"Thirty years ago, we introduced New Coke with no shortage of hype and fanfare," a Coca-Cola spokesman told CBS News in 2015. "And it did succeed in shaking up the market. But not in the way it was intended. When we look back, this was the pivotal moment when we learned that fiercely loyal consumers — not the company — own Coca-Cola and all of our brands." Trump's Mexico border wall is not popular, nor is his love-fest with Russian President Vladimir Putin, or his puerile tweeting. People have high expectations for him on creating jobs and boosting the economy. If he wants to become more popular, he should consider focusing on things Americans say they want.

On the other hand, you can change tastes if you stick with something long enough. The Democrats did a lousy job selling the Affordable Care Act to the American public, and they probably failed to build up enough of a popular firewall to keep ObamaCare alive in the Trump administration. Still, with the health law and its many popular provisions on the chopping block, ObamaCare is more popular now than it has ever been. It is entering Coca-Cola Classic territory, and now taking it away carries risks, too.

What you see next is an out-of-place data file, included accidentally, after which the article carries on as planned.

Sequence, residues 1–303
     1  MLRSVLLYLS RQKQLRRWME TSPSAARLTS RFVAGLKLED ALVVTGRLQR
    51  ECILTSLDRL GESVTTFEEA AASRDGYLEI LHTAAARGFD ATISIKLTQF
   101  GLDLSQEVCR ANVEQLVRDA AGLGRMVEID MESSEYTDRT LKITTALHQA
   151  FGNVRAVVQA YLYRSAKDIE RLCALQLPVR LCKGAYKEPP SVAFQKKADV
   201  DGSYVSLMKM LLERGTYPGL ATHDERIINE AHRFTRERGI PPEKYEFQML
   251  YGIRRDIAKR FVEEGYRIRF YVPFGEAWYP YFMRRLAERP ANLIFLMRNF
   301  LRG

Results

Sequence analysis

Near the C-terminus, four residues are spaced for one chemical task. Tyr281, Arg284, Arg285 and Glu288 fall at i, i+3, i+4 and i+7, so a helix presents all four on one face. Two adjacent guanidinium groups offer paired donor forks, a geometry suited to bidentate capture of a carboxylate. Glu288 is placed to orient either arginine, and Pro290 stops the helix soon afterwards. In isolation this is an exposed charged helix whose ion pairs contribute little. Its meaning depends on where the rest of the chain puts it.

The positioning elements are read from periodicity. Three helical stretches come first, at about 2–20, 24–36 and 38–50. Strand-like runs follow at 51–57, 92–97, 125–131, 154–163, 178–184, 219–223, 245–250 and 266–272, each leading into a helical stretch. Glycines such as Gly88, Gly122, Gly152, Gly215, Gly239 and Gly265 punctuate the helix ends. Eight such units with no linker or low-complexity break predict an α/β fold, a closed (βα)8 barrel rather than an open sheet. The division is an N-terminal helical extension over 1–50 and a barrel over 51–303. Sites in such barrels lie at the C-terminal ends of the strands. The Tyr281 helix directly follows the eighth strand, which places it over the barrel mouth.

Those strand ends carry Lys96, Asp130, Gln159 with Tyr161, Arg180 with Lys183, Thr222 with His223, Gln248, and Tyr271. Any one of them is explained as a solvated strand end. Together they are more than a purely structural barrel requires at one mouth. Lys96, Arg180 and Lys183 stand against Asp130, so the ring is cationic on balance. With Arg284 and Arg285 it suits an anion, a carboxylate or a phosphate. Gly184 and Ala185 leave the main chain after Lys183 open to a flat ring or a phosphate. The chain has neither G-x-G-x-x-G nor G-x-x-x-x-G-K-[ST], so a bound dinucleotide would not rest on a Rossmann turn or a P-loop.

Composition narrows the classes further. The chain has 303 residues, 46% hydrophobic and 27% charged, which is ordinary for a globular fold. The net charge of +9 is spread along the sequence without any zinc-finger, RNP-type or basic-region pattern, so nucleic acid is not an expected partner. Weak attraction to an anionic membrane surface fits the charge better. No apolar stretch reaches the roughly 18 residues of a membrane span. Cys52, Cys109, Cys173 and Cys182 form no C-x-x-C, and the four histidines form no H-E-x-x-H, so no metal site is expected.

3. It's better to expand your fan club than shrink it

Coke's whole rationale for introducing New Coke was to gain market share, and when the opposite happened, the company reversed course. For Coke, the motive was profit, but presidents have more legislative capital when their approval ratings are higher — even if they don't believe the polls, members of Congress do. This seems pretty self-evident.

"The narrow focus of Trump's transition — appealing to those who already supported him while ignoring those who did not — has cost him," says Decker at the Los Angeles Times. "Where other presidents used the weeks before their inauguration to put the animosities of the campaign behind them and to try to knit the country together again," says Peter Baker at The New York Times, "Trump has approached the interregnum as if he were a television wrestling star," picking fights and showing that "he intends to lead more through force of personality than through the breadth of his coalition."